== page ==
Christopher S. Ruebeck, Lafayette College
Susan L. Averett, Lafayette College
Howard N. Bodenhorn, Clemson University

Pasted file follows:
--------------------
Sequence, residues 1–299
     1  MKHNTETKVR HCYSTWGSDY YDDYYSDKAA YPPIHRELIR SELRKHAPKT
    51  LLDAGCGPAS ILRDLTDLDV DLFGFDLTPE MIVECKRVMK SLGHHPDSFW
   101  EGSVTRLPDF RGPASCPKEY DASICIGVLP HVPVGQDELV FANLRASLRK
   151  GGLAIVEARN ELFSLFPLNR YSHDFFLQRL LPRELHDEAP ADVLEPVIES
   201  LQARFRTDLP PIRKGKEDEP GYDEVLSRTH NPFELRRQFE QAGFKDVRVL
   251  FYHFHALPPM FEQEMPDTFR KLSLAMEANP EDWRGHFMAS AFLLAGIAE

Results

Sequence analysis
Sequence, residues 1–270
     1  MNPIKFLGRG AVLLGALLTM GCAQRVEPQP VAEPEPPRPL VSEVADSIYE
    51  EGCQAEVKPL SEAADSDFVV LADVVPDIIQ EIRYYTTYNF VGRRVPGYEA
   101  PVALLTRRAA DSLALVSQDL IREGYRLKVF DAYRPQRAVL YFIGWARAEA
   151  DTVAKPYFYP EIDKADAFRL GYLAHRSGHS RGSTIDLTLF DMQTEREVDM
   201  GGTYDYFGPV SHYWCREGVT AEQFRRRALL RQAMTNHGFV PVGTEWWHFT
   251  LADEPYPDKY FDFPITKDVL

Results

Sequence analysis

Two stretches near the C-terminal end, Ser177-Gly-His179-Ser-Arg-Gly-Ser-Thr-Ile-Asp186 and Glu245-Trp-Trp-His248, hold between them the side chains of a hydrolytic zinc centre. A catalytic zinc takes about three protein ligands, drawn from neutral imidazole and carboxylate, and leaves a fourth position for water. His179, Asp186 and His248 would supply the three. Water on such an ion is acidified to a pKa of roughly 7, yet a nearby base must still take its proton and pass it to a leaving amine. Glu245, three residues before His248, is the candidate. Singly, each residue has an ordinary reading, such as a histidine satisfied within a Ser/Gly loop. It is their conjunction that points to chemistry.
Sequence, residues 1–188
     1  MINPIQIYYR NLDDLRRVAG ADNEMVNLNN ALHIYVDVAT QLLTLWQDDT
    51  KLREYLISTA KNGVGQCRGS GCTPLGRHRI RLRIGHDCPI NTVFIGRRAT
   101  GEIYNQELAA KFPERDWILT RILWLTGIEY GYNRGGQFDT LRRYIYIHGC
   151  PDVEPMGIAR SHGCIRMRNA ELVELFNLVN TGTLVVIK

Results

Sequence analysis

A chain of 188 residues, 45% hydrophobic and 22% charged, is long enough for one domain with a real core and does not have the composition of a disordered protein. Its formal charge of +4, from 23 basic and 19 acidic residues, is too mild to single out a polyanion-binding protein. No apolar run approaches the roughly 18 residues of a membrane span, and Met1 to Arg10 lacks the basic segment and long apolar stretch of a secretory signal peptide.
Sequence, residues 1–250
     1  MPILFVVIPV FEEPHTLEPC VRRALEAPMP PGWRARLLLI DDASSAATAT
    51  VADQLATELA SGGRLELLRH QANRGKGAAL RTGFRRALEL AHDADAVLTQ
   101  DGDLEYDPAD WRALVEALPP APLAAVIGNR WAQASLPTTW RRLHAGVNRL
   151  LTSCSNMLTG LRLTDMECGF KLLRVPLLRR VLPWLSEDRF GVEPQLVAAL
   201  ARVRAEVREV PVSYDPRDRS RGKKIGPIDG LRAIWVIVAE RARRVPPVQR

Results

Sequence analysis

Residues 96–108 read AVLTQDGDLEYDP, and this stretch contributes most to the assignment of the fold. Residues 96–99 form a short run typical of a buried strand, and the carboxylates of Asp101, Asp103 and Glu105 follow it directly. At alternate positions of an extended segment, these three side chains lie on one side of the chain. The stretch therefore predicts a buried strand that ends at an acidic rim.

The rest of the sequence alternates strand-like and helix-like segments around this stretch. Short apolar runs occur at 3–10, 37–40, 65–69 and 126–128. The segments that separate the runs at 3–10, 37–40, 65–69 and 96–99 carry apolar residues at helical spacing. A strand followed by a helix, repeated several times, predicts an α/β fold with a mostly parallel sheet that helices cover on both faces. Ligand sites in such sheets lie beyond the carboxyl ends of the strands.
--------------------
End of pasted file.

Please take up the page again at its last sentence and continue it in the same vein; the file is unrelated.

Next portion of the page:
Although rates of interracial marriage are on the rise, we still know relatively little about the experiences of mixed-race adolescents. In this paper, we examine the identity and behavior of mixed-race (black and white) youth. We find that mixed-race youth adopt both types of behaviors, those that can be empirically characterized as ‘black’ and those that can be characterized as ‘white.’ When we combine both types of behavior, average mixed-race behavior is a combination that is neither white nor black, and the variance in mixed-race behavior is generally greater than the variance in behavior of monoracial adolescents, especially as compared to the black racial group. Adolescence is the time during which there is most pressure to establish an identity, and our results indicate that mixed-race youth are finding their own distinct identities, not necessarily ‘joining’ either monoracial group, but in another sense joining both of them.